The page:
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Suppose that we are given a smooth function $h:\mathbb{R}^n \to \mathbb{R}$ which satisfies $h \circ F= h \circ G$ for two polynomial functions $F,G:\mathbb{R}^m \to \mathbb{R}^n$ (i.e. each component of $F$ and $G$ is a real polynomial of $m$-variables). Can we approximate $h$ arbitrarily well by polynomial functions $P_h$ which also satisfy $P_h \circ F= P_h \circ G$ (or at least such that these functions are "close")? How about when $F$ and $G$ are not polynomial but smooth?

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    $\begingroup$ In what norm are you approximating? $\endgroup$ – Yemon Choi Dec 8 '11 at 18:52
  • $\begingroup$ @Yemon: I want to leave that vague for now. If this can be done in some norm I am interested. $\endgroup$ – David Carchedi Dec 8 '11 at 18:56
  • $\begingroup$ @David: since your domain is non-compact, is $h$ supposed to be bounded? If not, then you will need to have a weight in the norm, which makes life tricky. For instance, what are you hoping for in the case $m=n=1$? $\endgroup$ – Yemon Choi Dec 8 '11 at 19:19
  • $\begingroup$ @Yemon: Sadly, I have to let $h$ be an arbitrary smooth function, so I cannot assume it's bounded. $\endgroup$ – David Carchedi Dec 8 '11 at 19:25
  • $\begingroup$ @Yemon: For me though, it's ok not to even have a norm. I just need a reasonably functorial topology on the space of smooth functions for which I can find a convergent sequence of polynomials satisfying the properties I listed. $\endgroup$ – David Carchedi Dec 8 '11 at 19:30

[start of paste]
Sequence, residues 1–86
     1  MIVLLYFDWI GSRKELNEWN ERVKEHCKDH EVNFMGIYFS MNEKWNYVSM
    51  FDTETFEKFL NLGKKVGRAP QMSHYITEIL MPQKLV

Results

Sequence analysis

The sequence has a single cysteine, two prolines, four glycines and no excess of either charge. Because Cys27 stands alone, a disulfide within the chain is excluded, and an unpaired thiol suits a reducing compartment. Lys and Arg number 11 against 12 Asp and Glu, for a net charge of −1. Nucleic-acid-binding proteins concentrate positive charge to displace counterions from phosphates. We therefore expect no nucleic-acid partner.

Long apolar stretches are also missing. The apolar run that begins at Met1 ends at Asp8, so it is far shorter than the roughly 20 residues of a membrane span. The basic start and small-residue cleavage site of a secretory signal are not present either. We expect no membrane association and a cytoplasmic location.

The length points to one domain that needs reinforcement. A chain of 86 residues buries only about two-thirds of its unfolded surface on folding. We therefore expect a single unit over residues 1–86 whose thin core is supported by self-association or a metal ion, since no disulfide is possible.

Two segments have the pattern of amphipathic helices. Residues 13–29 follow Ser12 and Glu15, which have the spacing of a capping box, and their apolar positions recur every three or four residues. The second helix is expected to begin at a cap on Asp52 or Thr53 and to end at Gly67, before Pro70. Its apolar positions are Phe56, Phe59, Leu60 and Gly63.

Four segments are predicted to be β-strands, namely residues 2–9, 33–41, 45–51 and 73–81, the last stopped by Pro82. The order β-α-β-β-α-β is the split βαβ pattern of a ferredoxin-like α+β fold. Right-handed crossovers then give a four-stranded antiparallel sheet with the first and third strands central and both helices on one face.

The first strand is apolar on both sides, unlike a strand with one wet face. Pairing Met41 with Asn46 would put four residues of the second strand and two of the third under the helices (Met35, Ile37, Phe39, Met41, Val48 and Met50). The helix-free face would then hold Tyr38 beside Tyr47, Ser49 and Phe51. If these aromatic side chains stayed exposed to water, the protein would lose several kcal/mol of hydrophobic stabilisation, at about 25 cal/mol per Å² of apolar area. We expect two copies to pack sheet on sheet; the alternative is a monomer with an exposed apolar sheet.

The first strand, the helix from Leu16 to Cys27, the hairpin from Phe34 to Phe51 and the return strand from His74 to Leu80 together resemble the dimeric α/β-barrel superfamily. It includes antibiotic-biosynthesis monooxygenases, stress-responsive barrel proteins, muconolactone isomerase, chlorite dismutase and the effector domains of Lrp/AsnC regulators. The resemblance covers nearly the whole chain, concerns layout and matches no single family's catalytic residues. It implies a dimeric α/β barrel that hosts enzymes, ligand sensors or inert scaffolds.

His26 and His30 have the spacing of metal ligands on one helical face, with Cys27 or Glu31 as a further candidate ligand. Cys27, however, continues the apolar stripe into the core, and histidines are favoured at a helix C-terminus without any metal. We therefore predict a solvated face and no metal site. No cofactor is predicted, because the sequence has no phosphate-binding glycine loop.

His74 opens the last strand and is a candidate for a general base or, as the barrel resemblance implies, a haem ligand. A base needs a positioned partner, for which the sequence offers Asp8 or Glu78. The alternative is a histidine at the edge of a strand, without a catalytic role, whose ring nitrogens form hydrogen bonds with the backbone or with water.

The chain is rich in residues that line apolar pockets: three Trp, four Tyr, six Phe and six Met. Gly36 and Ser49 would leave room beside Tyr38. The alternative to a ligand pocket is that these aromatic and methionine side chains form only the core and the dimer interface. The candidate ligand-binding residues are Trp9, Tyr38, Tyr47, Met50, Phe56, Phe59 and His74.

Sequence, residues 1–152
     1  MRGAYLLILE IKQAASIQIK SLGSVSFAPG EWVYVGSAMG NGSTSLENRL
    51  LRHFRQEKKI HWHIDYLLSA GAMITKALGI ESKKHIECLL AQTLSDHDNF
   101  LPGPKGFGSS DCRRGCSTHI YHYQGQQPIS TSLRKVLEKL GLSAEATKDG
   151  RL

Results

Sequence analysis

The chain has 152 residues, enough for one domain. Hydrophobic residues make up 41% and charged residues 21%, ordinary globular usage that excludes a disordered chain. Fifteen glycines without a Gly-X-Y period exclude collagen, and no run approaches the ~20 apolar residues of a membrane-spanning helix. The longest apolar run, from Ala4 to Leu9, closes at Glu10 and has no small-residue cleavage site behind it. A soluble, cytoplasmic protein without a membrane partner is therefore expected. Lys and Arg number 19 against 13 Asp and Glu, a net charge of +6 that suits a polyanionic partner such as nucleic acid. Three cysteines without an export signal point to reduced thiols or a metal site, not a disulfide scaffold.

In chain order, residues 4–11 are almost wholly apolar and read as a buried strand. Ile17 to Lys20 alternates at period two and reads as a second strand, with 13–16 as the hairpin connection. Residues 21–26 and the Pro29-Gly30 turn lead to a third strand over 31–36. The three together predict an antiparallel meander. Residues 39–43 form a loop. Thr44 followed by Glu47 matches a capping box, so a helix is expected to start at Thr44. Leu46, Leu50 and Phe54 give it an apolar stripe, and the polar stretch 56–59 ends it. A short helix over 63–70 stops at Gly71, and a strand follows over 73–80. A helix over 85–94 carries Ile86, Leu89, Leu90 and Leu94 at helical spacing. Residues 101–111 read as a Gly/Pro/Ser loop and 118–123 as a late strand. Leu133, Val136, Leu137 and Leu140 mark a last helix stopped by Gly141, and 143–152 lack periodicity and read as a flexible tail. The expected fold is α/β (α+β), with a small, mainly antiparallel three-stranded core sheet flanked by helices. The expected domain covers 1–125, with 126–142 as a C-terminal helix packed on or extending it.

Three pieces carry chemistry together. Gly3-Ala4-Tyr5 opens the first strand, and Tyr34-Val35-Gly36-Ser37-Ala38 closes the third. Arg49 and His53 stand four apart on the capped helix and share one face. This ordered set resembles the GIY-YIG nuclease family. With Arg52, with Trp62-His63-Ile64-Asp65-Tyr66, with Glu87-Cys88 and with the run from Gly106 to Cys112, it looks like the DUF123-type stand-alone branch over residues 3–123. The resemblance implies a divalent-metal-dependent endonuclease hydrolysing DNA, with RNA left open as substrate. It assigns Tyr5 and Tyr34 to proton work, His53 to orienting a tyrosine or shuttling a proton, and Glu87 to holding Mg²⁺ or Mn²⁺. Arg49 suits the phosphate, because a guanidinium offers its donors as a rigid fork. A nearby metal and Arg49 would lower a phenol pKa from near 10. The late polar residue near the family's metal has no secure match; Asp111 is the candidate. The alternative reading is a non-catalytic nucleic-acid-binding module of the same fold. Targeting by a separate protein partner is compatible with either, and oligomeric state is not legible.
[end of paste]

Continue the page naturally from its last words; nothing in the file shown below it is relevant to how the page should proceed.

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In general not. For $m=n=1$, $F$ and $G$ must be of equal degree (otherwise $P_h\circ F$ anf $P_g\circ F$ are of different degree). But even equal degrees don't guarantee anything: if $F(x)=x$, $G(x) = x+1$, then no polynomial $P$ can fulfill $P\circ F=P\circ G$ (no polynomial is periodic).

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You could use the topology of uniform convergence on compact sets. By Stone-Weierstrass, any continuous function $h$ can be approximated by a sequence of polynomials $P_n$ in this topology, and then $P_n \circ F - P_n \circ G$ approximates $h \circ F - h \circ G = 0$ in this topology (because if $K \subset {\mathbb R}^m$ is compact, $F(K) \cup G(K)$ is compact).

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  • $\begingroup$ The statement "if $P_n$ approximates $h$, then $P_n \circ F-P_n \circ G$ approaches $0$" is true whenever composition and subtraction are continuous maps in whatever topology on smooth functions you're considering. Since most (all?) reasonable topologies will satisfy that property, in general this will not give an extra constraint. $\endgroup$ – Will Sawin Dec 9 '11 at 6:42

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